Persistence and Politics

Persistence is defined as “continuing without change in function or structure.” Webster’s second definition of politics is “a person’s opinions about the management of government.” Persistence describes a purposeful struggle against shifting winds to hold a course, while politics and politicians seem more and more purposeful in going with the shifts.

A similar relationship exists between the strategy of passive, or index investing, and that of active investing. The first continues without change in function or structure while the latter is directed by a person’s opinions about the management of companies, industries, and economies. The first seems dull or ‘establishment’ while the latter is exciting, even exhilarating. But should exhilaration really be an important component of our life-long financial investing? Just as in politics, we are drawn to the the inspirational story and suspend our more rational objections. The next best thing in technology sounds infinitely more appealing than a technology index, just like a free four-year ride at a major university sounds compared to $100,000 in college loans.

Problem is, undisciplined shifting to follow the latest inspiration is expensive. Rick Ferri and Alex Benke demonstrated in the Journal of Indexes in January 2014 that index investing outperformed active (stock-picking) investing 83% of the time, over a 15-year period. The extra 17% is not much different than random noise or pure chance. How expensive is being wrong 83% of the time? The study found that the median annual shortfall of losing active portfolios was -1.25%.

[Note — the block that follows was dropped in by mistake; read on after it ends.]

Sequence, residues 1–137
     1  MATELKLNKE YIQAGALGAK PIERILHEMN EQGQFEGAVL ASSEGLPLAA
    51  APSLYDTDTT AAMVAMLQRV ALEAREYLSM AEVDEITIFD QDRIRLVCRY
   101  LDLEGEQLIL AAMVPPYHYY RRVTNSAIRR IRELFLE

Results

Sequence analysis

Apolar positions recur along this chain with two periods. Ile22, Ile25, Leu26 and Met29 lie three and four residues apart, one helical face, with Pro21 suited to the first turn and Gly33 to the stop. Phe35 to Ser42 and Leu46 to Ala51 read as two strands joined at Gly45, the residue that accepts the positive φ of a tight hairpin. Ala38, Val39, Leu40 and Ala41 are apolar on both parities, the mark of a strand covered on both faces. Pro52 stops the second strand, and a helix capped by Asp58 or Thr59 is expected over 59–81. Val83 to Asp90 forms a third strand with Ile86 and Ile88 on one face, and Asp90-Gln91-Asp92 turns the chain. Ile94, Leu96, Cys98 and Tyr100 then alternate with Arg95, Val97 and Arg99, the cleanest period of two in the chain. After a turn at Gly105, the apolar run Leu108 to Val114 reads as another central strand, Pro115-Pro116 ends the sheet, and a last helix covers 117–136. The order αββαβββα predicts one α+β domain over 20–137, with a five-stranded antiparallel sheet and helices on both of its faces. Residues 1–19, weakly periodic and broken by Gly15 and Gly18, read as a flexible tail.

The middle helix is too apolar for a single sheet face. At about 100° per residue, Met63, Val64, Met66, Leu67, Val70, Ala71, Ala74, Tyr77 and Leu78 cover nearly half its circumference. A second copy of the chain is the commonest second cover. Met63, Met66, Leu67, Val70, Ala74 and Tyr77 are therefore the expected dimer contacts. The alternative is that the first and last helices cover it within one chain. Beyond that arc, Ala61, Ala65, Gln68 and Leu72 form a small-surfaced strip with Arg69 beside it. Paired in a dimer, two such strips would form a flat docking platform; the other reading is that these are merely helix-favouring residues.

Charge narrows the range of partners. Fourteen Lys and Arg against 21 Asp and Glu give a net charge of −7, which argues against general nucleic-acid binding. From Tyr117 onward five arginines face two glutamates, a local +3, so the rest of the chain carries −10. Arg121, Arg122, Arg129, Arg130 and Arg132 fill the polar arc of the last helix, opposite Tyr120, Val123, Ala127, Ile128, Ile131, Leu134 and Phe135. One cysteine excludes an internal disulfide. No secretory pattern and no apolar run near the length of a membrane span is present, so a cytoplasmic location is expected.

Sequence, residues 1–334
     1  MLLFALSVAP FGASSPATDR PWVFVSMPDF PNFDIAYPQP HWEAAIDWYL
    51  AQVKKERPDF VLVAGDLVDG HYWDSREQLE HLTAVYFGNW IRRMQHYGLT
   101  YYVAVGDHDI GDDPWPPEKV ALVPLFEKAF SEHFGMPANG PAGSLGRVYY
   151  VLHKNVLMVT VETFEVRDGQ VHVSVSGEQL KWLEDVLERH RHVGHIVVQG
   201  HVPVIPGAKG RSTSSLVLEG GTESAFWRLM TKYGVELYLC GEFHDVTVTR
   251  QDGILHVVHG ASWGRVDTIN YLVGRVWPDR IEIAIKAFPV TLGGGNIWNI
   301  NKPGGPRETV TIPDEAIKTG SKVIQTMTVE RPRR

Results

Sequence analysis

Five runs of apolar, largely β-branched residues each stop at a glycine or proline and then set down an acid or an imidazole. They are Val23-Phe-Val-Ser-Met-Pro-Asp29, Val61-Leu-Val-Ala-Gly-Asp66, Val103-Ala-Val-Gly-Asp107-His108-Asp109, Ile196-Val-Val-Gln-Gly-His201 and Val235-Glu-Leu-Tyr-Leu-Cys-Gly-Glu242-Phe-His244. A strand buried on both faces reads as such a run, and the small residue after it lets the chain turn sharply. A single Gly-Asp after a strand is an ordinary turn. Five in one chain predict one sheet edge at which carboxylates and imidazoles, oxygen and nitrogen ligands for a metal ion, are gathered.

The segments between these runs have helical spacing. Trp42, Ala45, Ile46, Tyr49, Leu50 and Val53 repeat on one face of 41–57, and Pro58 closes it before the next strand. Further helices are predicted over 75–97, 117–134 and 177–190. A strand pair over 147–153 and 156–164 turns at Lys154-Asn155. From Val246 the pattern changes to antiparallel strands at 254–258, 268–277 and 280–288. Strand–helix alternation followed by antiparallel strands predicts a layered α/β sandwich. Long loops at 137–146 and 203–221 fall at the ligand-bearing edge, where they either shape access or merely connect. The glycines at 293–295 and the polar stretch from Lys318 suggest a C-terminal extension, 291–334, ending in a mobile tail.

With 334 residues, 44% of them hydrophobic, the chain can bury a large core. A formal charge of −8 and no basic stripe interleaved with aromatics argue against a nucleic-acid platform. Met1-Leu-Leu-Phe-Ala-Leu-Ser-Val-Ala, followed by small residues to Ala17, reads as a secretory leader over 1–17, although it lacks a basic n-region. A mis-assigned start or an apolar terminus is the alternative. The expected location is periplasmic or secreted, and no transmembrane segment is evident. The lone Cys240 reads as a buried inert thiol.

A 1.25% reduction in the investment returns of a 40 year-old couple who invests $90,000 annually for the next 15 years in an 80% stock portfolio has the impact of reducing their retirement spending from $100,000 to $60,000 for the rest of their lives, if confidence in meeting all other goals is held constant. In retirement, needs remain persistent while inflation relentlessly erodes the ability to fund them.

The persistent erosion of inflation on your lifestyle spending is largely unavoidable, but you do indeed have control over the erosion you allow in your investment portfolio. Active portfolio management exposes you to costs in at least three major areas that are avoidable with a passive or index strategy. They are:

  • excessive taxes caused by unnecessary churning of your portfolio (plenty of political analogies here)
  • high fees for management that does not add value or wealth
  • under-performance relative to the index caused by the managers’ or the investors’ miss-guesses.

A better way to invest for your future goals is the dull yet persistent method of efficiently harnessing the wealth generation of the capital markets while eliminating as many of the drags as possible. Every 1.25% you don’t lose to under-performance or 1.25% you don’t lose to taxes or 1.25% you don’t lose to expenses increases your confidence of meeting or exceeding every important goal you value.

In an era where control seems to be slipping through our fingers, this is one choice, one vote that is a winner.